Make spending time in nature a priority in your life, and there you will be nurtured by the beauty that surrounds you. I can promise you won’t regret it. Being in nature can have a profound affect on your wellbeing. A nature walk in the woods, even for just five minutes, will provide positive benefits to your health and peace of mind. Nature can be quite soothing, as it distracts us from our day-to-day troubles.
The forest environment has been enjoyed by humans for a long time because of its quiet atmosphere, beautiful scenery, mild climate, and clean fresh air. In Japan, a forest bathing trip, they call “Shinrinyouu”, is a short, leisurely visit to a forest and is regarded as being a kind of natural aromatherapy” 
How about the sea? The marker at the southern-most point in the continental US at Key West at sunset draws a big crowd each and every day. It is a Key West ritual and it stays with you as a type of religious experience. It is a sublime example of the raw awesomeness of nature, as it goes about its daily business. Experiencing the breeze of salt air is amazing; it’s as if your skin can taste the salt and sea. The ionizing energy is palpable. Who among us has ever spent the day just relaxing at the beach and felt anything but happy and sleepy at the end of it? That beats anything any pharmacologist has ever devised!
Walking in a natural environment can help ease seasonal disorder, depression, anxiety, chronic pain, lowers blood pressure, reduces cortisol, and lifts your mood. As we walk in nature, we inhale phytoncides which are airborne chemicals that plants and trees release to protect themselves from insects. Phytoncides have antibacterial and antifungal qualities which help plants fight disease. When we breathe in these substances, our bodies respond by increasing the number and activity of a type of white blood cell called NK or natural killer cells. These cells kill tumor and virus infected cells in our bodies .
While walking in a natural setting take the time to look for patterns in the natural items around you. A fractal is a non-regular geometric shape that has the same degree of non-regularity at every scale. Fractals can be thought of as never-ending patterns. They can be found throughout a nature walk in things such as leaves, clouds, shells, tree silhouettes, or flowers, and looking for them can be a fun and challenging activity, especially for kids, (of any age!).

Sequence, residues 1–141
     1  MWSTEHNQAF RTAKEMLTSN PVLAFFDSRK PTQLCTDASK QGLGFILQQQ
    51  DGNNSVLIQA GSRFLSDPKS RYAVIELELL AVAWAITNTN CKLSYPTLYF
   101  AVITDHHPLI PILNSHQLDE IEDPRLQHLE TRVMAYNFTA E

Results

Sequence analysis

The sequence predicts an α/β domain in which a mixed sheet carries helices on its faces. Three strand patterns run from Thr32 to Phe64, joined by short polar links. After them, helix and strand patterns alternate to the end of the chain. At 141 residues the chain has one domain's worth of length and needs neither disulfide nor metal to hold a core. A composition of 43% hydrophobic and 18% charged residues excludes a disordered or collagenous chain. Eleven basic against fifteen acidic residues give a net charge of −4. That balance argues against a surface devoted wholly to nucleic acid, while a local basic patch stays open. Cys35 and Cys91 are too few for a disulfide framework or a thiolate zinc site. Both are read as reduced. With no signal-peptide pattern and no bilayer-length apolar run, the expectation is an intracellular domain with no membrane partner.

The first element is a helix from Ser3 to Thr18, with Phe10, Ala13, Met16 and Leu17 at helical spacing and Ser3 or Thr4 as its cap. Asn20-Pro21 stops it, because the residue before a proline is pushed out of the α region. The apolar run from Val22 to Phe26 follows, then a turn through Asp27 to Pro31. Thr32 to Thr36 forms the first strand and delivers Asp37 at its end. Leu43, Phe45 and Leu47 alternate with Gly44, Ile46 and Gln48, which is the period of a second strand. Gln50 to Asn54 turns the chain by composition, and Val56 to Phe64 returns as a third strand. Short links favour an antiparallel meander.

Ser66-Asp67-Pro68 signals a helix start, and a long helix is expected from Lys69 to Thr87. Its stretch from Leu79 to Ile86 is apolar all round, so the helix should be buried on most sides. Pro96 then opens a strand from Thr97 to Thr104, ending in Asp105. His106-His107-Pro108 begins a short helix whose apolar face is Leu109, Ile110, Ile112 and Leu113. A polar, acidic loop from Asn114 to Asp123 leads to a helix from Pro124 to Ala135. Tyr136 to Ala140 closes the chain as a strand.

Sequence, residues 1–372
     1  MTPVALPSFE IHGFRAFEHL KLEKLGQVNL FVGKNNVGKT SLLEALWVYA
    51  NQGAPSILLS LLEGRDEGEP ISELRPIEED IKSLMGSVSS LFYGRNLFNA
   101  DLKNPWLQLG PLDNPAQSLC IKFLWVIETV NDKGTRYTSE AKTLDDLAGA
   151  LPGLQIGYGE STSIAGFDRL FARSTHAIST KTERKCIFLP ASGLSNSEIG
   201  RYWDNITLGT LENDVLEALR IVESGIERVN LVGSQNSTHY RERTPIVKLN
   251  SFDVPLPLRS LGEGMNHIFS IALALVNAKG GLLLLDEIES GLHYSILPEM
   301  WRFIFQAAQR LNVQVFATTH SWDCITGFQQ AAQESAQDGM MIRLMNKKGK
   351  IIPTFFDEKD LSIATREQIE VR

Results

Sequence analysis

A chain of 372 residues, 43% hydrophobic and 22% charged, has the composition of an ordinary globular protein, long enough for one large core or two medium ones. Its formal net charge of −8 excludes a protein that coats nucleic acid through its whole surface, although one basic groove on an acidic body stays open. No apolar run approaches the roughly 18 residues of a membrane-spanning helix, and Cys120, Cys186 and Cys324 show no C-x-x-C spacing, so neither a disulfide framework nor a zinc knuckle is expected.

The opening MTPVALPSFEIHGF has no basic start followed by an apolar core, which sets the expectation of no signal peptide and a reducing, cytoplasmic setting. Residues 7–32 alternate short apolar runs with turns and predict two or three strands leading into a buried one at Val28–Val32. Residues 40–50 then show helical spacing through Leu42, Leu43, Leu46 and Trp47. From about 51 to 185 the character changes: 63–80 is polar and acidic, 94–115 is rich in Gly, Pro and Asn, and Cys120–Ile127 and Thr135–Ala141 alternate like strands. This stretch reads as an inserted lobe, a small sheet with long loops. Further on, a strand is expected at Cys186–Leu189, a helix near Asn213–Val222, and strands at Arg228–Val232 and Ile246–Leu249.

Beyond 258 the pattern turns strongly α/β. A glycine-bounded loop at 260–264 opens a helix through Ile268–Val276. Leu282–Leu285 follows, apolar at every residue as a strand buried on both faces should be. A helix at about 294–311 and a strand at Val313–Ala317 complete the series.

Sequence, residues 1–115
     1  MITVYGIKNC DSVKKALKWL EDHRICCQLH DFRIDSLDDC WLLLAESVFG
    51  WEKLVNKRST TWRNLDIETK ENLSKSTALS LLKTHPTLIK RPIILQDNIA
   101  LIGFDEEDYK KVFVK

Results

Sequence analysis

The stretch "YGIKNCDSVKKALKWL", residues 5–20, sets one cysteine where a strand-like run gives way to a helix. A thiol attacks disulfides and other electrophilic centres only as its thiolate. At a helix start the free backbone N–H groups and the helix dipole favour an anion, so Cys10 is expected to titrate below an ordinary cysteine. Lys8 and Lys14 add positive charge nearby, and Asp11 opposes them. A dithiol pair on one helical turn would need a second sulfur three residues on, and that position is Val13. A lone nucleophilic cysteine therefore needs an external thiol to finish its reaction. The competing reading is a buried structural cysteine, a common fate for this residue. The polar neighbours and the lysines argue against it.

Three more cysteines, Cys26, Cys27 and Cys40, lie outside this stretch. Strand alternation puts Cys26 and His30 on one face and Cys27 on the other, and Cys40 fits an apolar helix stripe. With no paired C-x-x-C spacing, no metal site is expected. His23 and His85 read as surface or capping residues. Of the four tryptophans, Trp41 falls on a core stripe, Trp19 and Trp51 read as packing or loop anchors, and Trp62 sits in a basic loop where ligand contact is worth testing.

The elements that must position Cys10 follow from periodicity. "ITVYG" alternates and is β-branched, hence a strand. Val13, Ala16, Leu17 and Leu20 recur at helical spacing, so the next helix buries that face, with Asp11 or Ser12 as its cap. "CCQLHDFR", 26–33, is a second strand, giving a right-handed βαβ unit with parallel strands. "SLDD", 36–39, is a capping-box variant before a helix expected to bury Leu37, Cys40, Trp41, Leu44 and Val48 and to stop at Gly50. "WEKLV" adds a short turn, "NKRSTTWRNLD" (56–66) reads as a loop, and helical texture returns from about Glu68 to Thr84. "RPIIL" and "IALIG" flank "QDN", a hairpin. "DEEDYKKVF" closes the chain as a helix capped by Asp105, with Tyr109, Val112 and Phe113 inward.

An added bonus to a forest nature walk is birding, or bird-watching. Observing beautiful birds in their natural habitat helps the body release dopamine which relaxes us mentally. Day break is one of my favorite times of the day. It is when the birds begin to sing and start their dawn chorus, and is a beautiful thing to experience.
Watching the sunrise over our lake for the first time was a spiritual experience for me, and it brought me an internal awakening of awe and an overall sense of peace. Seeing our brilliant, burning orb rise above the water never fails to bring me an intense sense of wellbeing. This same feeling is instilled when I’m standing in a forest of pines as the wind pulls and pushes their branches into provocative whispers and crashes. The ebb and flow of the limbs gently touching and then crashing into each other is a wonderful experience.
For some reason I’ve always been drawn to storm forces and I drew comfort and reassurance sitting on my porch next to my 400-year-old live oak tree during storms. Its majestic, hulking limbs twisting and creaking, creating a cacophony of sounds like nothing any other creature can make. The live oak has its own language as the matriarch of the forest. I felt that nothing the storm gods could dish out could hurt that old tree, and for all the years I sought comfort near it, nothing ever did.
Next time you’re feeling a little blue or puny or worse, treat yourself to a little time in the woods or at the beach. I guarantee you will feel a little bit better.
This article was inspired by a 2020 episode of the wonderful show called Autumn Watch, on BBC, during a segment with Emma Mitchell. Thank you Emma!